Review – Samsung ARM Chromebook – first impressions


I’ve been without a laptop for a few weeks[1], and whilst tablets are fine for consumption and the occasional comment I’ve missed having a keyboard for proper creative work. I’ve been tempted by Lenovo’s Black Friday sale for the X230[2], various Ultrabooks and Netbooks[3], but by the time I’d got an SSD[4] I’d be looking at £400-£500. As soon as I heard about the new Samsung ARM based Chromebook at £229 I liked the idea[5]. Once I had the chance to play with one in a shop then I was totally convinced[6].

Since Santa didn’t bring me a Chromebook for Christmas I ordered one from John Lewis for delivery to my local Waitrose, and picked it up on the way home from a family outing this afternoon.

Things I like

The screen and keyboard are great – loads better than a 10″ Netbook, and subjectively better than the 11″ X121e. The trackpad is also nice in use, and I don’t find myself missing a trackpoint too much. The two fingers touch for right click takes a small amount of getting used to, but isn’t a big deal.

If battery life really is 8hrs then I’ll be impressed.

Size and weight is great – my daughter thought it was an 11″ Macbook Air (having briefly used one at a friend’s Christmas Eve party).

Performance seems good, with impressive boot time, and using Chrome and Google Apps feels much the same as a decent spec PC (with an SSD).

Multi user support was a breeze to set up.


I’m using the SSH app. When I installed this on Chrome on my PC I could launch additional sessions by opening a new tab and clicking on the app, but the app doesn’t appear when I open a new tab. If I click on the app in the launcher then it just takes me back to the existing session. To get other sessions open I need to right click on the SSH tab and duplicate it.

I also tried out an RDP app on my PC before buying the Chromebook, but didn’t see the note that ‘Chromebook ARM does not currently support native client extensions but will in ChromeOS R25 expected to be released sometime in January’.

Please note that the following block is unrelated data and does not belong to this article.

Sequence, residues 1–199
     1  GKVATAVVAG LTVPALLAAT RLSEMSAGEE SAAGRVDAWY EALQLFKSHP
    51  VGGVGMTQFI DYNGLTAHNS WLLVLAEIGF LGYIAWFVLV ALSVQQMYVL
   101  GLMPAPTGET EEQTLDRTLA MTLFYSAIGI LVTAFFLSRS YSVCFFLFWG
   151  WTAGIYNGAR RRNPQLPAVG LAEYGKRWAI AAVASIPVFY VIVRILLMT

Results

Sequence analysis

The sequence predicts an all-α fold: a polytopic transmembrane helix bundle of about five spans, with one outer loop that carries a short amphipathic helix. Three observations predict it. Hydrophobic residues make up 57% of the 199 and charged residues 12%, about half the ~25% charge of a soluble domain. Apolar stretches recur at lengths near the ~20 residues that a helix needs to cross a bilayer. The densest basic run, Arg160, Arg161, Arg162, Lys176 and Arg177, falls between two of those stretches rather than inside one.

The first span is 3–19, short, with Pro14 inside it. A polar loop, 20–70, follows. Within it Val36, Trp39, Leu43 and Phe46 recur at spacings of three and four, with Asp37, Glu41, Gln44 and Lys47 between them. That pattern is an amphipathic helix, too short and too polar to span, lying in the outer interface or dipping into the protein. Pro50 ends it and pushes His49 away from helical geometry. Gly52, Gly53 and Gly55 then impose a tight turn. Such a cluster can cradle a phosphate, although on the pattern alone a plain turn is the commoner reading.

I miss some keys… like Del, and Home, and F5. I also think the resize key should go into full screen mode.

There’s OpenVPN support, but it seems to be almost impossible for a mortal to configure.


So far it’s living up to expectations, and it feels like a great little machine for not very much money. I’ll follow up with more once I’ve put some miles on the clock (and if I find resolutions to some of the specific issues).

I’m pleased to confirm that it’s great for writing blog posts on.


[1] Technically I still have a laptop, but since I started using my Lenovo X200 Tablet as my main PC in a docking station it’s become somewhat stranded there.
[2] Which is inexplicably *loads* cheaper in the US than the UK.
[3] Apparently Netbooks are dead. It’s a real shame that nobody seems to be making Intel i3 powered ones (preferably with HD4000 GPU) at a reasonable price any more, as it seems the AMD APUs that are popular now aren’t really powerful enough – I’d happily buy another X121e at the same price.
[4] If you’re not using an SSD then you’re literally waiting your life away.
[5] More so once I read that it can run Ubuntu, though that’s still a work in progress.
[6] Though the mix up of labels for ARM powered and Core i5 Chromebooks initially gave me some false expectations. Suffice to say that the i5 version has some nice features like Ethernet and Displayport, but I don’t think it’s worth the extra money.

2 Responses to “Review – Samsung ARM Chromebook – first impressions”

  1. 1 What Are People Doing On All Those Cheap Chromebooks? | Chris Swan's Weblog
  2. 2 Glad I bought my Chromebook from John Lewis | Chris Swan's Weblog

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